Battle of Hastings (1066)Battle of Hastings (1066) - The Battle of Hastings on October 14, 1066 was a history changing moment; one of the most significant in a long list of important dates.  It resulted from the same event which also led to the Battle of Stamford Bridge only weeks earlier.  So let's look at what brought about this prominent battle.  Up until the beginning of that year, England had been ruled by Edward the Confessor of the House of Wessex (the line which was established by Egbert and Alfred - see earlier on this timeline).  On January 5th, after 23 years on the throne, he died childless and with no officially named heir.  Edward's mother, Emma, was Norman, the daughter of Richard the Fearless.  His wife was Edith of Wessex, the daughter of Godwin, Earl of Wessex.  Edward created the controversy over his succession by tempting William, Duke of Normandy, with the crown, reportedly because he (Edward) was involved in a family dispute with Godwin.  William was the great-grandson of Richard the Fearless, Emma's father, which made William and Edward distant cousins.  Harold, the man who would immediately succeed to the throne, was Edith's brother, and therefore, Edward's in-law.  Before he died, Edward supposedly settled his dispute with Godwin, and named Harold as his heir.  But there was no official proclamation, and when Harold was coronated, William felt cheated out of what had been promised him.  Thus the rivalry for the throne of England began.  And so, on September 28th, three days after the Battle of Stamford Bridge, William landed his army at Pevensey in Southern England.  His marriage alliance with Flanders (see William above) proved invaluable as Normandy alone was not powerful enough to invade England.  He successfully recruited about 10,000 warriors from all over Northern France.  Because Harold was in Northern England fighting Harald Hardrada, William was able to land unopposed.  He established a beachhead and foraged supplies from the surrounding area.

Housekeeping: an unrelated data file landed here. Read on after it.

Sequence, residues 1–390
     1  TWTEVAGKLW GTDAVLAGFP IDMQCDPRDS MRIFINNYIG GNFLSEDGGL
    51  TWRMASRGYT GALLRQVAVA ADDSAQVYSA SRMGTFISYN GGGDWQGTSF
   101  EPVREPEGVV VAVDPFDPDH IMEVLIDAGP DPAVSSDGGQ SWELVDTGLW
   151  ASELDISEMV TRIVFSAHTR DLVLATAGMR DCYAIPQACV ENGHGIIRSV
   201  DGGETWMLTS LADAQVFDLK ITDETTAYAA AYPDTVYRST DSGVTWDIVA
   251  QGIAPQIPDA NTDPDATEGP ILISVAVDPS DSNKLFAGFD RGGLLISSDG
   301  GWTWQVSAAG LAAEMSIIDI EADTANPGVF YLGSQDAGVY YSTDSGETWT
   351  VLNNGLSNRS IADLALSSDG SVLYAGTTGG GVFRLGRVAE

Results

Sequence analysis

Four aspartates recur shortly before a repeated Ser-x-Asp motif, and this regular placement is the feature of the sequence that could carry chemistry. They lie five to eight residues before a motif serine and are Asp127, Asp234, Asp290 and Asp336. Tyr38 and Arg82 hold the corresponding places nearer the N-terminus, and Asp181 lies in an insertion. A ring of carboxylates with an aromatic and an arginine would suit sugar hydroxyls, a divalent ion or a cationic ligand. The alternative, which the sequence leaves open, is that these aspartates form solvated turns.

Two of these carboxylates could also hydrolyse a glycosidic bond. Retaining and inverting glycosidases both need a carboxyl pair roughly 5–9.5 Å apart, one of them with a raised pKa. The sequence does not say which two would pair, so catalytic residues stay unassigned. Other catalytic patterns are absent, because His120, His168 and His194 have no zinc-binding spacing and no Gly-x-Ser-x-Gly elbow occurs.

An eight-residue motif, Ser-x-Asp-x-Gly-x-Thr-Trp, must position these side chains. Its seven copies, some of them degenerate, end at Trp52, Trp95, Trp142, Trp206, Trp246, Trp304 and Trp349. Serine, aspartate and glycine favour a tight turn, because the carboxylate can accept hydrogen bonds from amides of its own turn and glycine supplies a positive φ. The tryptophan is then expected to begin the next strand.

Battle of Hastings (1066)When news reached Harold that William had arrived, he had to turn back south, after the long march north and hard fought battle against the Vikings, and prepare to meet the Normans in another fight.  However, because of the fatigue factor, he only managed to march about half as fast as he did going north, and it took him about a week to reach the enemy, as opposed to the four days it took him to reach Stamford Bridge.  Harold had the smaller army at about 7,000 soldiers.  There are several different accounts of the battle and none of them completely agree with the others, so an accurate reconstruction is not possible.  What is known is that the fighting began in the morning about 9 am and lasted until darkness.  It was also one of the most closely contested battles ever recorded.  The outcome could have gone either way, but at the end of the day, the English shield wall finally broke and Harold was killed.  The Bayeux Tapestry depicts him with a shaft sticking out of his eye, indicating that he may have been shot in the head by an arrow.  After that, English resistance collapsed and a Norman victory was achieved.  Harold had committed all his resources and top warriors to the battle, and when it was over, there was basically no one left to oppose the invaders.  English nobles and clergy weighed their options and decided to submit to William's authority.  The significance of Hastings is that it brought an end to Anglo-Saxon rule in England, and merged Saxon and Norman cultures.  Fittingly, the most complete account of this era comes from Oderic Vitalis, who was a half-Norman, half-Saxon monk.  The battle was known by several names for years, but the earliest reference to it as "Hastings" comes from the Doomsday Book in 1087 ("bellum Hasestingas"), the name which has stuck to the present.  It would forever cement William's legacy as "Conqueror" which is a far sight better than the title he carried before it was fought, which was William the Bastard.